The way that it is able to achieve this is by helping to prevent any unwanted filament from leaking out of the printer nozzle, as well as stringing, which is something that occurs when excess filament affects the design dimensions, causing the finished print to look distorted.
In this way, retraction also helps to stop any excess ink from leaking out of the printer’s nozzle and making a mess.
Additionally, the function of retraction also helps to stop any stringing by effectively ‘pulling’ back any excess filament, so that it cannot be released.
It is also able to prevent any melted or partially melted filament from exiting the nozzle, to ensure that the finished print result stays perfect.
In contrast, if you use incorrect retraction settings, it can bring about a variety of negative results, such as a clogged nozzle, or being unable to release any filament at all.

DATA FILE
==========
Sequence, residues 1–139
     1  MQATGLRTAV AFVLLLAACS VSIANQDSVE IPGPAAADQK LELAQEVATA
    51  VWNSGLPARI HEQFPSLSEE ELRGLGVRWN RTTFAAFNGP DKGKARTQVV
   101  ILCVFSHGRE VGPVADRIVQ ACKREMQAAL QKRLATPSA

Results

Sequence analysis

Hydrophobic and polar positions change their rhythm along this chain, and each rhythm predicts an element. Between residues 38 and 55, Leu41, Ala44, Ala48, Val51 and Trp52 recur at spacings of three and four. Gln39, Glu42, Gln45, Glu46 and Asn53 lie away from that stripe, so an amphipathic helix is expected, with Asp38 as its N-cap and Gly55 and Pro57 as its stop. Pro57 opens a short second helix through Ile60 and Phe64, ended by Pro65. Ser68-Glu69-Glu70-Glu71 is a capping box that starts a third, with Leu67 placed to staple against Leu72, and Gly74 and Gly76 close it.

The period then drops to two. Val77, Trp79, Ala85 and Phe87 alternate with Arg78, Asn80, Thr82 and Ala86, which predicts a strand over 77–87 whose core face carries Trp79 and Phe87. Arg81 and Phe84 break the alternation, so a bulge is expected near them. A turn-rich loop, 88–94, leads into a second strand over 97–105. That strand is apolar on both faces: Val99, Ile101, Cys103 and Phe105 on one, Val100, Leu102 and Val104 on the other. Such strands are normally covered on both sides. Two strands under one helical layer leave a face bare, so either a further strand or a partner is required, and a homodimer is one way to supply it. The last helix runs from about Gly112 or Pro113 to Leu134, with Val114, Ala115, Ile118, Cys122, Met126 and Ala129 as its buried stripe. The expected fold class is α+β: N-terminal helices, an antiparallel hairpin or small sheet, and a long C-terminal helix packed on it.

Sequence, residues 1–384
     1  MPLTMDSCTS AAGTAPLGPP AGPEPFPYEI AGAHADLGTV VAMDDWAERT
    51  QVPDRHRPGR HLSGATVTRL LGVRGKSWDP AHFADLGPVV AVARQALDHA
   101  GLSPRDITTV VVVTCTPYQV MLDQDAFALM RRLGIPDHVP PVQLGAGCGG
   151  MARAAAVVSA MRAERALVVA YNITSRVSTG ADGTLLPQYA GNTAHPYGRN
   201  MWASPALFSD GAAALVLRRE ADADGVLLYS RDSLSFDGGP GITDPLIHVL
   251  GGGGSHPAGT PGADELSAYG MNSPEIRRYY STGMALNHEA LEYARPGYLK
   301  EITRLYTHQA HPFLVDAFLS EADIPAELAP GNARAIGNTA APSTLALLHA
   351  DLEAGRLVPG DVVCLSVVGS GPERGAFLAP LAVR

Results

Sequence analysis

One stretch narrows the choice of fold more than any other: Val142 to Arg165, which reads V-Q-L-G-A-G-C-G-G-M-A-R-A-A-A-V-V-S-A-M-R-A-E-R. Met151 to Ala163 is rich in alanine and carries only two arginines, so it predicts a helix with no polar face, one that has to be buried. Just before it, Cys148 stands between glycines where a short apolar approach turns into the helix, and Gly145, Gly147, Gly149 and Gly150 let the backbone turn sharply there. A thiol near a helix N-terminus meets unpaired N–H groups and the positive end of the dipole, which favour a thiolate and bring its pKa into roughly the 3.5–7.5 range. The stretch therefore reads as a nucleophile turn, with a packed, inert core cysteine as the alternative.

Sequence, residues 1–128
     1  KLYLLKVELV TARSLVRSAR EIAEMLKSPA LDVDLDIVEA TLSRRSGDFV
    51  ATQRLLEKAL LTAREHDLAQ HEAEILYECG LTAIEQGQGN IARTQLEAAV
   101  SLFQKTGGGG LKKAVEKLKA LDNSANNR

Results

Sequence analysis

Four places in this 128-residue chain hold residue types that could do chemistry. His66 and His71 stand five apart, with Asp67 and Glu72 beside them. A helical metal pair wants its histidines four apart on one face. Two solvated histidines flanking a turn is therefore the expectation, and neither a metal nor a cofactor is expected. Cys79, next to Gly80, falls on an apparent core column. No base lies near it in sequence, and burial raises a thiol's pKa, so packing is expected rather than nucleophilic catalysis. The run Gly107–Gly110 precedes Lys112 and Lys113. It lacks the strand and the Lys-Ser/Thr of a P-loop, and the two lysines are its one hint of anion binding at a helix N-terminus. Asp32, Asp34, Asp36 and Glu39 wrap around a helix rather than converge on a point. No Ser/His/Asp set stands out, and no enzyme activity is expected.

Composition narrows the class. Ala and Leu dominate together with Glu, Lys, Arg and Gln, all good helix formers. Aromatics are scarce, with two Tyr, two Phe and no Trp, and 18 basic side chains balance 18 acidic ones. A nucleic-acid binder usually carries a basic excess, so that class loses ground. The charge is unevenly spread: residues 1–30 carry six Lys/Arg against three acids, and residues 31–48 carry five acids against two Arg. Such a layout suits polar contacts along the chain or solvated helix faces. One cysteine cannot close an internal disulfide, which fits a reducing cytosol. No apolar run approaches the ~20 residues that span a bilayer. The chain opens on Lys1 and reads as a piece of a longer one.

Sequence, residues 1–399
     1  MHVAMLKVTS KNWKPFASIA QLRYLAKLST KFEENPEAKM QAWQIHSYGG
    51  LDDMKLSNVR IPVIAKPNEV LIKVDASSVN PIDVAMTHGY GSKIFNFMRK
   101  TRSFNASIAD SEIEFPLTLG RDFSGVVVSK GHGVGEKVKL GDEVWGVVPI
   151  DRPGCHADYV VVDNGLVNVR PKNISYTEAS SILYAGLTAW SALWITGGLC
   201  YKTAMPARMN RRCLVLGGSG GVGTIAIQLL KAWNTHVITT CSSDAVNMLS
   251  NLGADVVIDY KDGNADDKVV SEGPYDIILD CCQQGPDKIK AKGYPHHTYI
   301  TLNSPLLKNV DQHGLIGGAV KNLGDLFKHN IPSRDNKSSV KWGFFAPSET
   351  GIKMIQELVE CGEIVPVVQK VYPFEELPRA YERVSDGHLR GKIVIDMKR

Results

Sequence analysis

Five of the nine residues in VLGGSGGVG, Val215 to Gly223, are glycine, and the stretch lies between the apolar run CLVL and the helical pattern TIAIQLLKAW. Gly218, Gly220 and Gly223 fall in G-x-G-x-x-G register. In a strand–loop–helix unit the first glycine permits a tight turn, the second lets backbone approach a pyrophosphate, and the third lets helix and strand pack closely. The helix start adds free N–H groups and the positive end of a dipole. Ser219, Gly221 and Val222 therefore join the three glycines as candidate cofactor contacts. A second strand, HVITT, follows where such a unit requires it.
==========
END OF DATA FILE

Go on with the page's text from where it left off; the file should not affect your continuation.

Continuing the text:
How do you get the best retraction length and speed settings?
So, this brings us on to the most important bit of our guide: how to achieve the best retraction length and speed!
Let’s take a look at two simple ways that you can get the best retraction length and speed for you, regardless of your level of experience:
As you start to use your 3D printer more and more, you’ll probably notice yourself starting to use different kinds of filament for different reasons.
In turn, you’ll also begin to notice that you’ll need to adjust the retraction settings, depending on which type of filament you have decided to use.
Therefore, every time you need to change over your filament, you should be sure to double-check the retraction settings and then recalibrate it to suit the particular filament type.
In addition to this, if you find that you are encountering any problems even after adjusting your retraction settings, then you may need to consider repurchasing a more flexible type of filament, as these kinds are known for working very well across multiple retractions speeds and lengths, as compared to others.
Another way to achieve the perfect retraction speed and length is through trial and error.